When Beth Waweru speaks, you hear the years of experience rolling off her tongue. Her words of wisdom echo those of other great minds. Beth believes her work in the health department was birthed by a calling.
“When I completed high school, I saw the need to become a nurse,” she narrates. “My father had been unwell, and seeing him in his state of discomfort gave me the encouragement to equip myself with skills that would make me a professional caregiver.” Her father’s unstable health resulted in habitual hospital check-ins and admissions. It was an emotional time and an even more challenging period financially.
Beth’s desire to pursue nursing was met with her father’s resistance. In his mind, the only career path his children would take was in the educational sector. “My father was a teacher, so he was very adamant in his wanting me to follow in his footsteps.” But Beth’s desire couldn’t be contained. She sent applications to various nursing colleges hopeful that one day she would walk through hospital wards, listening, attending to and advising patients.
It took three years, but it was worth the wait. Beth was accepted to the Clive Irvine School of Nursing in Chogoria in 1997. She put her best foot forward and thrived through the four-year programme. With that achievement secured, Beth decided to volunteer at New Life Children’s Home where after eight months she found herself in pursuit of something more fulfilling – being in an actual hospital.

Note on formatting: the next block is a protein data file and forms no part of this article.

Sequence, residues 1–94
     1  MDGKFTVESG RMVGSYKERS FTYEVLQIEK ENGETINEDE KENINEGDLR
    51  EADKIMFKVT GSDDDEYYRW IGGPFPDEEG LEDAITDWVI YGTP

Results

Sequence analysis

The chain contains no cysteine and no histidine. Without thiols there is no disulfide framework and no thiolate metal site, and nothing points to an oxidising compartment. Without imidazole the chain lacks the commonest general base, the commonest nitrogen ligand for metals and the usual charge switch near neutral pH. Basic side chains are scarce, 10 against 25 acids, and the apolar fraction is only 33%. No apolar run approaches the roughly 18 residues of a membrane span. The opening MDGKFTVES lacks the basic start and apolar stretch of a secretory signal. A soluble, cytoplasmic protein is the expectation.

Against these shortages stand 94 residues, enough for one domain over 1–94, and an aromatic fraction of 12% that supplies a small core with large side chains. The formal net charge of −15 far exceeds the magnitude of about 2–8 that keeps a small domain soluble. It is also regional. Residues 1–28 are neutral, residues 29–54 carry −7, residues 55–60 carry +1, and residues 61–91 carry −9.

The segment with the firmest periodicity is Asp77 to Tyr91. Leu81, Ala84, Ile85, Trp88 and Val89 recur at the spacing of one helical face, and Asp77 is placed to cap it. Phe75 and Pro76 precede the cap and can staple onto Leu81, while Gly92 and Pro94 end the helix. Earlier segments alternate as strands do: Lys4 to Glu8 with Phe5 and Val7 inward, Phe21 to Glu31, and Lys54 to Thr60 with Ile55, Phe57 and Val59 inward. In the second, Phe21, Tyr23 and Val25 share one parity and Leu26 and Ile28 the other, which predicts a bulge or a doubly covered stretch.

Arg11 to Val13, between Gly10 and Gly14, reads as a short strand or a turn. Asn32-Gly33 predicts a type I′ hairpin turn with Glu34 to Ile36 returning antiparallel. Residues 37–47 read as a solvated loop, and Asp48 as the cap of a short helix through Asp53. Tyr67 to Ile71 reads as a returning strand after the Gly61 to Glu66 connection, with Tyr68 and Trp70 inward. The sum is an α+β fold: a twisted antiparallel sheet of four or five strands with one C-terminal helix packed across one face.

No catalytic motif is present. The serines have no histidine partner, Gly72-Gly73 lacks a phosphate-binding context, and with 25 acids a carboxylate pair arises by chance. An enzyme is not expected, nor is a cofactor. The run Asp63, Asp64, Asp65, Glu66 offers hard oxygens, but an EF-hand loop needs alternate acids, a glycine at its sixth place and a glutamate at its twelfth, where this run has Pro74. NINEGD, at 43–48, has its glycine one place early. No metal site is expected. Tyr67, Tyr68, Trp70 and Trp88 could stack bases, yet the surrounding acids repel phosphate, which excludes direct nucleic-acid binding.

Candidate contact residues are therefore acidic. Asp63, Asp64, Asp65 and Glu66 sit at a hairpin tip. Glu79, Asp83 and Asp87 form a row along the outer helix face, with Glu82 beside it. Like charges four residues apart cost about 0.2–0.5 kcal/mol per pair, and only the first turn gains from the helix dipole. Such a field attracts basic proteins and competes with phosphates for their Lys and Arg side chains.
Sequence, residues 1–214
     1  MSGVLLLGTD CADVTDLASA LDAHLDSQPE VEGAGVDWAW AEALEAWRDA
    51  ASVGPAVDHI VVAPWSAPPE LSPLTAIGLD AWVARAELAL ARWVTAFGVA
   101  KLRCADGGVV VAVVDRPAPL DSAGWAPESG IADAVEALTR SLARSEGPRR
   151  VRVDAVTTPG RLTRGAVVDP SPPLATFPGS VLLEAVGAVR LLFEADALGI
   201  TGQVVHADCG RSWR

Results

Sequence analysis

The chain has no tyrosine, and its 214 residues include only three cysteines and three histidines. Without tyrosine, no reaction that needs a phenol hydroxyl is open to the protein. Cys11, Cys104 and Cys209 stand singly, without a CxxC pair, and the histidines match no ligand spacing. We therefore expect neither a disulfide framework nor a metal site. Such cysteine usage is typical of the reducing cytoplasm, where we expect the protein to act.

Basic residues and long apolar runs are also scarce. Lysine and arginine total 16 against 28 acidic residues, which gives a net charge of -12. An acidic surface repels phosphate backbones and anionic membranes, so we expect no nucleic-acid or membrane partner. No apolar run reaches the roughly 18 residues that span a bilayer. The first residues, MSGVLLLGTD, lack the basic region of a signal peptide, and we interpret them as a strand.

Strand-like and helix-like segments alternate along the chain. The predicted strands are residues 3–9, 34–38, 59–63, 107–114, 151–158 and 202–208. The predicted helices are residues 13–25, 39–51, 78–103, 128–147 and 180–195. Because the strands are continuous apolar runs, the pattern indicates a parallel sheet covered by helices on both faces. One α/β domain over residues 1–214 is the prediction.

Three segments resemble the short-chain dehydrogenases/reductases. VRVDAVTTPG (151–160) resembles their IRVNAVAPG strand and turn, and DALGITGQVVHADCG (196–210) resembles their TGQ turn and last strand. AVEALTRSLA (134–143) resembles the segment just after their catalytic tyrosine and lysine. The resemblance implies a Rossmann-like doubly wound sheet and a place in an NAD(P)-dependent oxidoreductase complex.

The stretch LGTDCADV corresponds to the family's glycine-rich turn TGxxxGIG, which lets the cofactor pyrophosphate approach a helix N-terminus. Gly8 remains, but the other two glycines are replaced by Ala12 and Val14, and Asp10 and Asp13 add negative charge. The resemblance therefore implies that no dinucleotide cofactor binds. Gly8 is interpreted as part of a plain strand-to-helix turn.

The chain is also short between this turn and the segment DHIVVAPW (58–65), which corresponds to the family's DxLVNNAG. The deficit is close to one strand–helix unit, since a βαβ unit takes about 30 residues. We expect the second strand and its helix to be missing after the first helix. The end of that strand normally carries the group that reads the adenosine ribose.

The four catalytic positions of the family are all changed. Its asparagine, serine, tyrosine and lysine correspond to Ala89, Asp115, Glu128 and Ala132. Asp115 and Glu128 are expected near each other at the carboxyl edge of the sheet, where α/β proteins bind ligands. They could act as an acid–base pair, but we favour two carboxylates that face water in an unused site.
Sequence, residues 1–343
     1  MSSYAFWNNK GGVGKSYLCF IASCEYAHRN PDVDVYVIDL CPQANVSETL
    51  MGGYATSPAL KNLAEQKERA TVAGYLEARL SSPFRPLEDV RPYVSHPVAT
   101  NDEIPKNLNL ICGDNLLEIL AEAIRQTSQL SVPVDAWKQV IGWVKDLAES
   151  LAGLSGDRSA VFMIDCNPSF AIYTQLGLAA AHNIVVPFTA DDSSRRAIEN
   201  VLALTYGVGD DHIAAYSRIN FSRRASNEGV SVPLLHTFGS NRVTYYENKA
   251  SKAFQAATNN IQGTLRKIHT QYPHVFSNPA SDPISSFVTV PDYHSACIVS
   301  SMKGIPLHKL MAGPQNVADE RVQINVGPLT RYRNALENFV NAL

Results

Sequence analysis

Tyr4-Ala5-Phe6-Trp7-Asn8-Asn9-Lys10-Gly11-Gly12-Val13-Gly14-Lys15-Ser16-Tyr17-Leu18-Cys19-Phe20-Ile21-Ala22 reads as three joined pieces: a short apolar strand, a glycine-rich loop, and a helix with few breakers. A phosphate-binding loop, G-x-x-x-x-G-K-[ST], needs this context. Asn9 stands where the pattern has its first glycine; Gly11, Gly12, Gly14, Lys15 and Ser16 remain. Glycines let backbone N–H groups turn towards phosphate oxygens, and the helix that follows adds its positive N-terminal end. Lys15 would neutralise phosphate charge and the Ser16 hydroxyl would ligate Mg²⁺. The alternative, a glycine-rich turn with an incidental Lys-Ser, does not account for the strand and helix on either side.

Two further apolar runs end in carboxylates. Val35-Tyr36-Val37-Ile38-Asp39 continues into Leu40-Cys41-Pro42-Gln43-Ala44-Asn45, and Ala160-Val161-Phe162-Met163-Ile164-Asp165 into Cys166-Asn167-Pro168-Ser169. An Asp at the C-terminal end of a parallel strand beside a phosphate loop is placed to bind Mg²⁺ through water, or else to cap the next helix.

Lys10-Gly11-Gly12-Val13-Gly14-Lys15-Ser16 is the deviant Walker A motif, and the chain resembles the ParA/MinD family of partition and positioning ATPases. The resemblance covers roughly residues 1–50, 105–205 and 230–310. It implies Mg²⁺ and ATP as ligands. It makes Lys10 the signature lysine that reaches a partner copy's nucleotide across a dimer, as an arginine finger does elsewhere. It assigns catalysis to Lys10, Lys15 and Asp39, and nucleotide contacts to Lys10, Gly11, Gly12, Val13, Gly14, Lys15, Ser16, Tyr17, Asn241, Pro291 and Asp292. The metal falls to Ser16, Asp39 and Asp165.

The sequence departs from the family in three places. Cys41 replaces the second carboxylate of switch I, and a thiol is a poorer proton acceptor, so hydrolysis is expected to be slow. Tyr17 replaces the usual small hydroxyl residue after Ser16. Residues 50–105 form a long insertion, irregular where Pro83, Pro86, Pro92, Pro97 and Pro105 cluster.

Her moment to shine came when a friend reached out and asked Beth to accompany her to the Aga Khan University Hospital to submit an application. Beth jumped at the idea – and when she looks back now, she is glad she agreed to go. “When I arrived I informed the person who was available to chat that I had submitted four applications. She probably saw my readiness, and sent me to the ICU department, which only asked me if I was ready to work.”